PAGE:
By Master Sgt. Dorothy Goepel, 460th Space Wing Public Affairs
/ Published August 07, 2008
BUCKLEY AIR FORCE BASE, Colo. -- Nineteen military construction projects at Buckley, from the Fitness Center to a new Small Arms Range, are listed in a long-term plan for facilities directed by the 460th Civil Engineer Squadron. The plan was required by the Air Force when Buckley stood up as an Air Force base in 2000.
Quality of Life projects are planned, projects for other military services are in design and Base Realignment and Closure, or BRAC, projects for units coming to Buckley are in the works as well.
Under the stand-up plan, construction projects at Buckley have either been completed, are under way, or are proposed for as far into the future as 2015.
In February 2003, the 460th CES gave authorization for construction to proceed on the first project on the stand-up list, the Fitness Center, according to Daniel Kawamoto, 460th CES Engineering Flight chief. The Fitness Center was completed in February 2004.
In the same year, a second dormitory was completed, followed in 2005 by completion of the 460th Space Wing Headquarters Building, an upgrade of the base's infrastructure and completion of the Air National Guard's 140th CES complex.
In 2006, the Chapel, Child Development Center and Medical Clinic additions and alterations were completed. In 2007, 351 privatized housing units and a Consolidated Services Administration Building were completed.
A Leadership Development Center and Communications Center additions and alterations are close to completion. "Expected occupancy of the Leadership Development Center is August, and we expect the Communications Center to be in 'move-in condition' in September," said Elizabeth Meyer, 460th CES Engineering Flight deputy chief.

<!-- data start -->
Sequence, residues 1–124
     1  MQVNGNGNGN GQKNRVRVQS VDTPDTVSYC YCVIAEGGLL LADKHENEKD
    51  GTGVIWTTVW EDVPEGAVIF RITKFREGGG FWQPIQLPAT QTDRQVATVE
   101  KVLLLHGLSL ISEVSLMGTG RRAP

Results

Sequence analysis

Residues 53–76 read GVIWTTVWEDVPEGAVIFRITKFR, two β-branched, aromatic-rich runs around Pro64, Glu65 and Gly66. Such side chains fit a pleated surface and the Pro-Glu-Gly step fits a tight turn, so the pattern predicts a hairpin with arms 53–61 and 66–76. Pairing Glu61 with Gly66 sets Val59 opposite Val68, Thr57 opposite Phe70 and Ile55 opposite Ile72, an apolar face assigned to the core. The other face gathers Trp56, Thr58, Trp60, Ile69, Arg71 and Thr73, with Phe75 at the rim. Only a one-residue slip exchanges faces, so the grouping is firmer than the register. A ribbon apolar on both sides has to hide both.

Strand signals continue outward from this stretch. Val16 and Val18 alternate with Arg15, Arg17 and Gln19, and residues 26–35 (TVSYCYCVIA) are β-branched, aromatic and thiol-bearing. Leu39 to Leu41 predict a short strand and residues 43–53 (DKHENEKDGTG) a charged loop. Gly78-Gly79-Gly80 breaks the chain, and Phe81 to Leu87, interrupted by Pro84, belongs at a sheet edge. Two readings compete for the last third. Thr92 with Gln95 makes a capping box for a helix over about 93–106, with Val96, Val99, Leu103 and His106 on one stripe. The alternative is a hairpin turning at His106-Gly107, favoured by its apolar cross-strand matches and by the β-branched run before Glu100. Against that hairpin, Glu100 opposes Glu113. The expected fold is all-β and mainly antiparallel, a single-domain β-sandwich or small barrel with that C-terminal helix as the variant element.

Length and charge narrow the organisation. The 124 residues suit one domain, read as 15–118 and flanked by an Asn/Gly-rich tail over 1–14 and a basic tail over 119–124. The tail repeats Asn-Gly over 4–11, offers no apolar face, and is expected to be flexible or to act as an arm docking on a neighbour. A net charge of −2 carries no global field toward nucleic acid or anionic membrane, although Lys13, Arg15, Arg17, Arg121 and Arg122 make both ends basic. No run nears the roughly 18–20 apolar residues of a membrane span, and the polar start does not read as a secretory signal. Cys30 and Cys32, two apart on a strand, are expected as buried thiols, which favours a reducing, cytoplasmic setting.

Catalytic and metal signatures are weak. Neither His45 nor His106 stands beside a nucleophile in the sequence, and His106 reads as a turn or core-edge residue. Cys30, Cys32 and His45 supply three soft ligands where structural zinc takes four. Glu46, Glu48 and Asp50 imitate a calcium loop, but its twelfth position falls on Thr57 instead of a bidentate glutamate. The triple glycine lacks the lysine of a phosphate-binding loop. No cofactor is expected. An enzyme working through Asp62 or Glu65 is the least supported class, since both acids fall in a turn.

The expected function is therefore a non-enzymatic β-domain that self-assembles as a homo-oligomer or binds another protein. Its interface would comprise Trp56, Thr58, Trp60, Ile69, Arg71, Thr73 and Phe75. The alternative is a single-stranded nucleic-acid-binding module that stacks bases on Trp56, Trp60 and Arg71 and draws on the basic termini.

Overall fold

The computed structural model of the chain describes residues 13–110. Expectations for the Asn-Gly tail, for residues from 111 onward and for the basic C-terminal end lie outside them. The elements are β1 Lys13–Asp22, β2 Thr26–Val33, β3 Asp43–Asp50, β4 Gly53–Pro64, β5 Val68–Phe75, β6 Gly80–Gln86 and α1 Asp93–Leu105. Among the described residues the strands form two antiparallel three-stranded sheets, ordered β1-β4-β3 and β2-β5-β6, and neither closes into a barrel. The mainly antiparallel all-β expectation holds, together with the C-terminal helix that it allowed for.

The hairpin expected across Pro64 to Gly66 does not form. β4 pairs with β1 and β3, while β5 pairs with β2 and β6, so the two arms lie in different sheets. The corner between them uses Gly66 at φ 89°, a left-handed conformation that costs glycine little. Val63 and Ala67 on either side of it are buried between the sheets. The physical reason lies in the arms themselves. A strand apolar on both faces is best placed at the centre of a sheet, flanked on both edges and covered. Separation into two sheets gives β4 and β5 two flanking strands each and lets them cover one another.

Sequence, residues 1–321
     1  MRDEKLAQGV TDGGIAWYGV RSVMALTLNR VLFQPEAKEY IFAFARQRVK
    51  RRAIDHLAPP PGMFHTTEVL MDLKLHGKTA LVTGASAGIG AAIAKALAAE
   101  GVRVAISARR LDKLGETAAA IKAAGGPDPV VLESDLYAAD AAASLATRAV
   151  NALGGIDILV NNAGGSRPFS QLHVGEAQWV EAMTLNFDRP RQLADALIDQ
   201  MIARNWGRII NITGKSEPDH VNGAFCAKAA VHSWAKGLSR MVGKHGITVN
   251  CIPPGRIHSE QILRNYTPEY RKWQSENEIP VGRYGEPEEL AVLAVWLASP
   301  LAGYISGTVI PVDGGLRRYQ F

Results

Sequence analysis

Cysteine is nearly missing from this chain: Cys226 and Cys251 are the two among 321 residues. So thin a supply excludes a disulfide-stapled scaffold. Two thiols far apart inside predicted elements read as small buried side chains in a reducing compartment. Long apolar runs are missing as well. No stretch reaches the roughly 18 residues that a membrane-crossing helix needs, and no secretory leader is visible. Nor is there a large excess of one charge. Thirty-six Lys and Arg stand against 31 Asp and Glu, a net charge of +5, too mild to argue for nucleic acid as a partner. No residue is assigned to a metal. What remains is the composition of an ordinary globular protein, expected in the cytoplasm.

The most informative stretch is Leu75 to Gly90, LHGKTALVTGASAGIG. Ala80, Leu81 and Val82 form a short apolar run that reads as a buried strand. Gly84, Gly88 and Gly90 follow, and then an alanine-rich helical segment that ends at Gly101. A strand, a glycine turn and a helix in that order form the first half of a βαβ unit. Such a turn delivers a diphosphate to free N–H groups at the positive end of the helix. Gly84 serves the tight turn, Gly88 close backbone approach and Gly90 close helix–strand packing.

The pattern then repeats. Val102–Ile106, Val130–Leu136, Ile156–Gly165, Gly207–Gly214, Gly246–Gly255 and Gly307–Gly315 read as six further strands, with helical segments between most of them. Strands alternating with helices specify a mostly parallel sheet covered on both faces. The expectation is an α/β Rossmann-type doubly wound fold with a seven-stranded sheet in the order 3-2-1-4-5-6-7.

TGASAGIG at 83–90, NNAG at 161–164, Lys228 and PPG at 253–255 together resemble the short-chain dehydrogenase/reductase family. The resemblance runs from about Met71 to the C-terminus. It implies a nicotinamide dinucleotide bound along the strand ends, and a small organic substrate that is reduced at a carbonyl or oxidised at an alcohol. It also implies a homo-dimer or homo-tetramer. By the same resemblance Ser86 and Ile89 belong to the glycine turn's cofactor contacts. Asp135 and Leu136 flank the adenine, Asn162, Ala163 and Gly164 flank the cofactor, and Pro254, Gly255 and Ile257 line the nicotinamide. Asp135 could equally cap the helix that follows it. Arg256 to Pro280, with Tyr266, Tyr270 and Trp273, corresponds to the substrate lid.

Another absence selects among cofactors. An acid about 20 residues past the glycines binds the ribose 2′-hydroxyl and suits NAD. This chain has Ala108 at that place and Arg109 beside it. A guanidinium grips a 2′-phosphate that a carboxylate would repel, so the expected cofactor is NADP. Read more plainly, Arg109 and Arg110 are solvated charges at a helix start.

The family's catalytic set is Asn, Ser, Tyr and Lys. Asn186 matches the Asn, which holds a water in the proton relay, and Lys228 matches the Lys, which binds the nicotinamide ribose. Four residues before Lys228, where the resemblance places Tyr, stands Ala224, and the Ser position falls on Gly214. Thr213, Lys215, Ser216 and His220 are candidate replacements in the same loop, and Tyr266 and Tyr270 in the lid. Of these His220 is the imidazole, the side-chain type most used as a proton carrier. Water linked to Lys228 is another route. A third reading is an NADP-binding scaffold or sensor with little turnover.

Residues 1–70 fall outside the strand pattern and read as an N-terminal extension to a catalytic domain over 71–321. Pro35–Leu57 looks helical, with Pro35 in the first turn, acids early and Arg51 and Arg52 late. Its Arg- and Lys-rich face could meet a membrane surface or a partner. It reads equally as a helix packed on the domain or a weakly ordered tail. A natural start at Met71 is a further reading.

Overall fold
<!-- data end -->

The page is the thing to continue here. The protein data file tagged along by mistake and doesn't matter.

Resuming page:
A consolidated fuels facility and a visitors quarters/temporary lodging facility are scheduled for completion in 2009, Meyer said. The VQ and TLF will be housed in the same building with hotel rooms in one section for visitors. Lodging in another section will be for personnel transferring to or from Buckley, who are awaiting permanent housing or whose household goods have been shipped to their next duty station.
The remaining projects on the stand-up plan consist of a security forces operations facility, programmed for 2010; a logistics complex, 2013; an education center to include a library, 2013; a government vehicle maintenance facility, 2015; and a small arms range, 2015.
The stand-up plan represents only part of Buckley's projected construction.
Quality of life construction is ongoing and since 2000, some of the completed projects in this category include an outdoor recreational facility and a track.
Construction projects not on the stand-up plan but in the design stage or under construction include a consolidated fuels facility; a family camp area designed with 38 camping sites; a satellite pharmacy; a mail center; youth center; and a military working dog kennel.
Additionally, three BRAC projects are in the works: a building for the Air Force Reserve Personnel Center, one for the 310th Mission Support Group Security Forces Squadron and one for the 310th MSG Headquarters Training Facility.